Rosalind Snyder, Founder Dean Emeritus 1944-1963 of FIT, discusses the Institute’s inception at the Central High School of Needle Trades, it’s founding vision, and it’s progression to a college-level institution. Snyder describes the educational trajectory that led to her initial post as Assistant Director alongside Dr. Mortimer Ritter at the Fashion Institute of Technology (New York, N.Y.). She describes the early demographics of students and the evolution of the Fashion Institute of Technology (New York, N.Y.)’s curriculum and educational policy, detailing close relationships with the fashion industry itself. Snyder discusses the spirit of collaboration and creativity in the early days of the Fashion Institute of Technology (New York, N.Y.), listing founding educators and innovators who helped the Institute flourish. Snyder pays particular attention to the 1950s wherein the Fashion Institute of Technology (New York, N.Y.) found a home on 27th street and, in 1951, was authorized as a community college; cementing its status as an academic institution of note. Snyder retired from her post in 1963, but asserts her continued belief in the permanence of the Fashion Institute of Technology (New York, N.Y.)’s unique vision of creative exploration.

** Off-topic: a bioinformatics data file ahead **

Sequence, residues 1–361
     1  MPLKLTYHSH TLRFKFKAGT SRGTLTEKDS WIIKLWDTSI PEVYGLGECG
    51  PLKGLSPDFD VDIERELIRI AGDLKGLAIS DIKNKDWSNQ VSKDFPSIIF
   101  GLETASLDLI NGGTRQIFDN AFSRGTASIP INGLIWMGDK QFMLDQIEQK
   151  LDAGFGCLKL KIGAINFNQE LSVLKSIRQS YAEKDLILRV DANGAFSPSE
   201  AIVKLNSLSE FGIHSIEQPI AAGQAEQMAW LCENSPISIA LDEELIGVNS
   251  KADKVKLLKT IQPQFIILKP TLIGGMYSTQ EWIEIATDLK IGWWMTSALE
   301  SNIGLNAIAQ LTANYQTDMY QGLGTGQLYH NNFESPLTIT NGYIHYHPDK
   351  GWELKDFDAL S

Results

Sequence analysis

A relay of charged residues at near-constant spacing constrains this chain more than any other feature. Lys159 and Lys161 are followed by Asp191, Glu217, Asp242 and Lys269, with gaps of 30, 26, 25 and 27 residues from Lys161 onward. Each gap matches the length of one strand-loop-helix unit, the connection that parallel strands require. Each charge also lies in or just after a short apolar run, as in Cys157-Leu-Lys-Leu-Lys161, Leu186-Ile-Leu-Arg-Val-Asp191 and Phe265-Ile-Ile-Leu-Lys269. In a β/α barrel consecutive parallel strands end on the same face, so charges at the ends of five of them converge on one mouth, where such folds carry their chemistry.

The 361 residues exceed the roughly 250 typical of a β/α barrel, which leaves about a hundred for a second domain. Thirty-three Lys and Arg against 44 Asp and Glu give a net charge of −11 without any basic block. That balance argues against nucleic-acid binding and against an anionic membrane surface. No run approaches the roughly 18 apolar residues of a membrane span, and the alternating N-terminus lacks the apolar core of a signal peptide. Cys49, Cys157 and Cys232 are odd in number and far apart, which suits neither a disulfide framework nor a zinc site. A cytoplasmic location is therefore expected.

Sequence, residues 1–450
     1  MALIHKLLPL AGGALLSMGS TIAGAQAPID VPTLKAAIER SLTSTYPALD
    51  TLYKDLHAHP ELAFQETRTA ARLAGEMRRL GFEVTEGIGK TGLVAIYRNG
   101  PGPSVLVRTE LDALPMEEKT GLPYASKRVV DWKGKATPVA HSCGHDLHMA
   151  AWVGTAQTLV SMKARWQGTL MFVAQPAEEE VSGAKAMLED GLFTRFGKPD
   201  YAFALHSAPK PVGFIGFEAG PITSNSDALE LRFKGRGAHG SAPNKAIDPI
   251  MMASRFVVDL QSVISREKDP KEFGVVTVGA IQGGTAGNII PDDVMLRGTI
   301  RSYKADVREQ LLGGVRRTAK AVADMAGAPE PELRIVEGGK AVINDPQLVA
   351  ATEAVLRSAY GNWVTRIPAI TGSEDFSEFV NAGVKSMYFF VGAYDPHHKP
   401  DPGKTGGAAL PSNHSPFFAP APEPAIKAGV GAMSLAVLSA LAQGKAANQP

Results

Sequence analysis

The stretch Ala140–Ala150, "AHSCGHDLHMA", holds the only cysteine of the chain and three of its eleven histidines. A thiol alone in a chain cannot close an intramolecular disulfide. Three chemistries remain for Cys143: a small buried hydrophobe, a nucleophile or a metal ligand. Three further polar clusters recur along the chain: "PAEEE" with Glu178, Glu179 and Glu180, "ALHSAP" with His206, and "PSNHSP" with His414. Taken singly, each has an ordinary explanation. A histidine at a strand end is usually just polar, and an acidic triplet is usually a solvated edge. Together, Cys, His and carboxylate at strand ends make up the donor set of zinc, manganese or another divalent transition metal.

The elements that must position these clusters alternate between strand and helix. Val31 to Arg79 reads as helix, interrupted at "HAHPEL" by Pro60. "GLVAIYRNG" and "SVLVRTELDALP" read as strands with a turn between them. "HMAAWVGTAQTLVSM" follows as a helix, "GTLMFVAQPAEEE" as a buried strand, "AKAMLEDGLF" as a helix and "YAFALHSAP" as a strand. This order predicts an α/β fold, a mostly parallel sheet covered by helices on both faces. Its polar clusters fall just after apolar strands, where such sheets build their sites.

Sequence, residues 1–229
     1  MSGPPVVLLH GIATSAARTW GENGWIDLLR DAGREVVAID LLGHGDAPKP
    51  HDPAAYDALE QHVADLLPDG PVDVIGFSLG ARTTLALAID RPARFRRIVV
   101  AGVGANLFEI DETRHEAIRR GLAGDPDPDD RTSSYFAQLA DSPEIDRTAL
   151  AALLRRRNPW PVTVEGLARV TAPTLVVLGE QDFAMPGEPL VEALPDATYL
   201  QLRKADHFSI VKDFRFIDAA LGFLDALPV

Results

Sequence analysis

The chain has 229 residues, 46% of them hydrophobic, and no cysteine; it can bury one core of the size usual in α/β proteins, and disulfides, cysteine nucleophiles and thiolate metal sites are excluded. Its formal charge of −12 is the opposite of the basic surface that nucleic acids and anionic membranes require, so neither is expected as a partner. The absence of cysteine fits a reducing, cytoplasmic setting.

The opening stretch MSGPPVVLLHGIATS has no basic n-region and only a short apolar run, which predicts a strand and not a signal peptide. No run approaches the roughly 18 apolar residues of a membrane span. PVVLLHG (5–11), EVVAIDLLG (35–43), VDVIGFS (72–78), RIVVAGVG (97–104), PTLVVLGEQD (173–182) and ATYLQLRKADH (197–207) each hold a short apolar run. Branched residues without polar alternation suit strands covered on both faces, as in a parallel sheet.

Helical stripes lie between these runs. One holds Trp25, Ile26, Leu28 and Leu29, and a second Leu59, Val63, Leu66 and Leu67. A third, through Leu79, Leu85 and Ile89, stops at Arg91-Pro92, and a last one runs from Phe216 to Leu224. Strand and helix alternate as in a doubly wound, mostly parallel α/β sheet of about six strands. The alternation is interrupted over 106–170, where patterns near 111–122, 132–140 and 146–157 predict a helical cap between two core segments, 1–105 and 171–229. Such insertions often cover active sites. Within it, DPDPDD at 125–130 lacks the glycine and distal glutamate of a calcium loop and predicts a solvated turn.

Marvin Feldman interview, 1984 November 13 and 21